It’s a good thing that trained economists can communicate with each other using something that sounds a little like “Fed-speak” because when I read things like the exchange between Bill Woolsey and George Selgin, the explanations seem a bit dry and lifeless, as in hypotheticals.

So to me, when someone tries to explain why QE just kind of piled up in excess reserves, I try to paint a more every day picture. Take Janet Yellen in September 2008, for instance, which is rather surprising coming from someone who is supposed to be a dove.

Furthermore, we have seen a remarkable decline in inflation compensation for the next five years in the TIPS market. I would not rely heavily on this decline to support my view, but I do have to say that the decline is a lot more reassuring than the alternative. I was also encouraged by the 30 basis point drop in long-term inflation expectations in the most recent Michigan survey. I anticipate that the recent jump in the unemployment rate will place some additional downward pressure on growth in labor compensation, which has been quite low, and in core inflation.

Only an inflation targeter can be encouraged and reassured while unemployment is rising and inflation is falling below target so dramatically, for the reasons these indicators where changing, illustrating the perverse incentives to basically throw the baby out with the bath water – to sacrifice on the altar of the arbitrary headline target that has suddenly become short term instead of long term whatever is necessary, be it individuals, financial institutions, political stability, etc… Or being a bit more charitable, one could say being not being particularly alarmed, curious or even interested in why those things deemed to be positive developments are occurring and simply welcoming them with open arms. Yellen and her colleagues played the fiddle while Rome burned. She even wrongly made up some notion of the NAIRU shifting up in order to explain it all away.

Fool me once, shame on you. Fool me twice, shame on me.

So when the economy was collapsing I found myself without a job and my income had been about 5/8 of my household income – just vanished. We, my family, went through what felt like hell trying to get all of our obligations taken care of while the central bankers were fiddling.

And now, our cars are older. My husband’s Jeep, a ’96 Grand Cherokee that we bought brand new and drove wheels off of, is likely done. We have to get something else for him to drive and, being now nearly debt-free, the thought of having a car payment gives me a near panic attack. I’ve been trying everything I know of to avoid it. I had the heap towed to a garage to have them look at it to see if it’s worth trying to get another year out of it – hoping it is not a costly fix. But it likely is the end of the line.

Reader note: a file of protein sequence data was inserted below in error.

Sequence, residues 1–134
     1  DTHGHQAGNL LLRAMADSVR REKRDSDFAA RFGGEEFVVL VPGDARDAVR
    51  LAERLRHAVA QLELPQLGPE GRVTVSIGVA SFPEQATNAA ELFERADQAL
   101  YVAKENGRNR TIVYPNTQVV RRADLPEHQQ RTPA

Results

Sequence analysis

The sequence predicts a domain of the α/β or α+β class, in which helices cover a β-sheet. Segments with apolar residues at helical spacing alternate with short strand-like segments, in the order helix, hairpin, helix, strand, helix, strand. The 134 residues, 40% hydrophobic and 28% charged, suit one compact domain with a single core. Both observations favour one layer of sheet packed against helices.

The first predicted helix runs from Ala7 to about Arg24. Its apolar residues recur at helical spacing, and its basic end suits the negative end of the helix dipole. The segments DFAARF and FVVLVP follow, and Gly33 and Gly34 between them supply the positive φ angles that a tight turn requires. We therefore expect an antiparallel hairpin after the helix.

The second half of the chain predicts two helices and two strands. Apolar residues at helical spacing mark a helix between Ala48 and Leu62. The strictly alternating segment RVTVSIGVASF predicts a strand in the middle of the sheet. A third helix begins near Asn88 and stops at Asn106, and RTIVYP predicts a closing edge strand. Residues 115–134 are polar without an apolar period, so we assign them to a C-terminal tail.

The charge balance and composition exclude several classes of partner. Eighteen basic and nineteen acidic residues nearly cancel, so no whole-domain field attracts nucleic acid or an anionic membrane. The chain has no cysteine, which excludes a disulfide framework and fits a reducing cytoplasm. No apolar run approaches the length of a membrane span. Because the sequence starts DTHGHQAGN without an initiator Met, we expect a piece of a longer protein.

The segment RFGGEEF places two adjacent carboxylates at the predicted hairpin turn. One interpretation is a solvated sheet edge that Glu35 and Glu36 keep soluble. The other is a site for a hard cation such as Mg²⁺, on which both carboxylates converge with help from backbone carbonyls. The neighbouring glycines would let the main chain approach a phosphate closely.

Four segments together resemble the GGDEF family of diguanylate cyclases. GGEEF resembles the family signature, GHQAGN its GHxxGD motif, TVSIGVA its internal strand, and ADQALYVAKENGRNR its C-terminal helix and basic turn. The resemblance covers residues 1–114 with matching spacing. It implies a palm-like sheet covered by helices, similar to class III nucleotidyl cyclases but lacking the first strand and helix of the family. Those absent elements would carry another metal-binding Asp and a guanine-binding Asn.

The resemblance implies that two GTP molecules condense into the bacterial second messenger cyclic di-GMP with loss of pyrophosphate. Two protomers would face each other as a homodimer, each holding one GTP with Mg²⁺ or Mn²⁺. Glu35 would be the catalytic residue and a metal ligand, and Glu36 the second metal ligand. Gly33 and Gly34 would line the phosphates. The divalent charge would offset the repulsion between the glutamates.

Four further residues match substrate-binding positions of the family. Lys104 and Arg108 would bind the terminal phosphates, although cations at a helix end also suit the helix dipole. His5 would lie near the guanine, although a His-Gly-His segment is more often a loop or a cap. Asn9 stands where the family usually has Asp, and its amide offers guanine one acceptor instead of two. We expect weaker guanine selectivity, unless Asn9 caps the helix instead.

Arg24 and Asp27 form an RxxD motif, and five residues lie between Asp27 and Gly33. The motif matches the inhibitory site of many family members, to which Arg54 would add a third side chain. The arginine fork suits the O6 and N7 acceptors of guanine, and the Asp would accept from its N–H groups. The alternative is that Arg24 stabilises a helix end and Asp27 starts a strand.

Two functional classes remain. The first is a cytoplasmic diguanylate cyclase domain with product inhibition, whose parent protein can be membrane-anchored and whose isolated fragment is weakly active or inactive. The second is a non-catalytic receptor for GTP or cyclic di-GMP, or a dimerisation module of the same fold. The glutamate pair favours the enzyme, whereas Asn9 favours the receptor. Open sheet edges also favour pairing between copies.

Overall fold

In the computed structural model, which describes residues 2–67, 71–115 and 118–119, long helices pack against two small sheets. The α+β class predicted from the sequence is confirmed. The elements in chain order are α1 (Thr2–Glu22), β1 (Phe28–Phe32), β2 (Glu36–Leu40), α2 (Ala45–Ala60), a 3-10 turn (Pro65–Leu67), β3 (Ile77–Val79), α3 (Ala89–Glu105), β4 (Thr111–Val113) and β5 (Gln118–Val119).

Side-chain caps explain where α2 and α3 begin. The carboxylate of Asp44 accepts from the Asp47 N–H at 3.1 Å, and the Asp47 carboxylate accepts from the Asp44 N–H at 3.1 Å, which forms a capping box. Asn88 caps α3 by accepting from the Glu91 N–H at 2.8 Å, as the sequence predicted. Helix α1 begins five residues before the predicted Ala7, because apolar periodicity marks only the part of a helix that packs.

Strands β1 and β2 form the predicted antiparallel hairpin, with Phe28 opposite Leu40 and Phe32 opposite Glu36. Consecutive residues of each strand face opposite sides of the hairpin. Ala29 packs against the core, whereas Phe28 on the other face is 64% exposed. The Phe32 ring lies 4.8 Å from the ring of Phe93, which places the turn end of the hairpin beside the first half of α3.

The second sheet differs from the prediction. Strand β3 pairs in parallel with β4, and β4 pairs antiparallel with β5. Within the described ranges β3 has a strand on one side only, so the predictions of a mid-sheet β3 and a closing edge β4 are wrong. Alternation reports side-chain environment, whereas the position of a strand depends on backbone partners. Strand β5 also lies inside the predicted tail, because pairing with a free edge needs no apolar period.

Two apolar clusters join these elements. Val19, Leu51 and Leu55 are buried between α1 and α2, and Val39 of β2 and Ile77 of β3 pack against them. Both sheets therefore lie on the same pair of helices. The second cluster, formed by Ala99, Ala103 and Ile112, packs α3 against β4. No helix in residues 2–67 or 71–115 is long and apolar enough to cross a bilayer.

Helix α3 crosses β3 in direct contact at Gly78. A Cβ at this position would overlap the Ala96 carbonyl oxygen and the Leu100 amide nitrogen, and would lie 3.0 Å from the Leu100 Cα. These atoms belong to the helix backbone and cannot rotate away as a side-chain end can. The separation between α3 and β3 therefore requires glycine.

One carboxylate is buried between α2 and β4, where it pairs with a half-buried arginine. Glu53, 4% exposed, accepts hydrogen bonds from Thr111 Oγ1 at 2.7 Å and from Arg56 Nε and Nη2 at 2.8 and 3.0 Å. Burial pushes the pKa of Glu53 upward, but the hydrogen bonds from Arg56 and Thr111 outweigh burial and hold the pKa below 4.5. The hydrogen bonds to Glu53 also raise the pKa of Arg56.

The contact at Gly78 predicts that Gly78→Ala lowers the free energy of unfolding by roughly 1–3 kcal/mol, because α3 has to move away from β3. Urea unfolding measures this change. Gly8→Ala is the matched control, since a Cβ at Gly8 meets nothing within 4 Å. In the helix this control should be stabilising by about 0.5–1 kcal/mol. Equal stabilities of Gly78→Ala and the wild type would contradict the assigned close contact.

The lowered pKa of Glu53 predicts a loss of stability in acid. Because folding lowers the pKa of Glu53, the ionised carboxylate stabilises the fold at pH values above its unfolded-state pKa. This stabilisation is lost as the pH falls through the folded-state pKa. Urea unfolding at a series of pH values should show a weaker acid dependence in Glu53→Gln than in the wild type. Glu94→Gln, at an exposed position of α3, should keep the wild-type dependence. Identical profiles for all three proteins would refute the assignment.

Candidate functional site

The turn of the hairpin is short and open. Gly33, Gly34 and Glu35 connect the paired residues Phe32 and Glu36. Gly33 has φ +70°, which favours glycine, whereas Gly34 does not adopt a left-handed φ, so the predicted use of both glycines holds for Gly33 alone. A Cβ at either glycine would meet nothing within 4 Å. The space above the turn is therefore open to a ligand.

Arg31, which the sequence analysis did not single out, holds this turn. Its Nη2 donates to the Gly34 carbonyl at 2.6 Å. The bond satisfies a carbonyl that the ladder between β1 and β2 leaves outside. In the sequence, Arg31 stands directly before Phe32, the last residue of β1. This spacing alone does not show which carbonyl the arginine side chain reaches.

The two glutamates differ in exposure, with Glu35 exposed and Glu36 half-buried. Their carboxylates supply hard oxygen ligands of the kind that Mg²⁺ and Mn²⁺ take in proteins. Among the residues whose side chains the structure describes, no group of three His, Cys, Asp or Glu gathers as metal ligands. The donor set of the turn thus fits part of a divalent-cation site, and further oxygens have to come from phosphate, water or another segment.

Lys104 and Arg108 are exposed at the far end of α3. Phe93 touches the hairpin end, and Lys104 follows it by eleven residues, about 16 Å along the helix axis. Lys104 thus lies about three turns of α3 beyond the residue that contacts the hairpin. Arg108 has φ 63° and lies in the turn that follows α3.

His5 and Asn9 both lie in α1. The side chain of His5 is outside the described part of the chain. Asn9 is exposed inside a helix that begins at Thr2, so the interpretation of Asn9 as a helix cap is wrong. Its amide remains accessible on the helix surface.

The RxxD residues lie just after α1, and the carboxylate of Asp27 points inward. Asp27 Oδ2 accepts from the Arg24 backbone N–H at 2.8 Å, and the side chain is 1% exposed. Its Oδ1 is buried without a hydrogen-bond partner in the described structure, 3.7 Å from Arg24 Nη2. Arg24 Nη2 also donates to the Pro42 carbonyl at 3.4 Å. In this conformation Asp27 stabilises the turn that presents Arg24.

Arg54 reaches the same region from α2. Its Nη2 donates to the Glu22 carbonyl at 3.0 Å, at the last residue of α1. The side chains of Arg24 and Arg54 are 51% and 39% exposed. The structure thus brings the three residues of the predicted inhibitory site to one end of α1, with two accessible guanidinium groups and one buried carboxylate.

I know I will never again look at the world of finance and credit the same way as I did in 2007, and I’m pretty sure I’m not alone because I certainly wasn’t alone in being sacrificed on the headline inflation targeting altar.

And you know, while some things have changed, some of the more important things surely haven’t. We still have this opaque, unaccountable institution called the Fed. If I had said those things concerning my occupation and had been so wrong to cause only a fraction of the damage I would have been fired with cause without so much as a chance to explain. But at the Fed, they get promoted.

We still have the inflation targeting and the perverse incentives that go with it. We still have the hawks who are so hawkish they make Yellen look like a dove when at least the September 2008 transcript demonstrates that she isn’t even rational. There hasn’t been any mea culpa, and no reassurance that the central bankers will never again throw the baby out with the bath water.

There is scarce any way out of this mass of base but to change those things, and I see it happening only very slowly – just little nibbles around the edges. But nobody knows for sure what these sadistic people will do next, which means in a nutshell that we’ve far more to lose than to gain.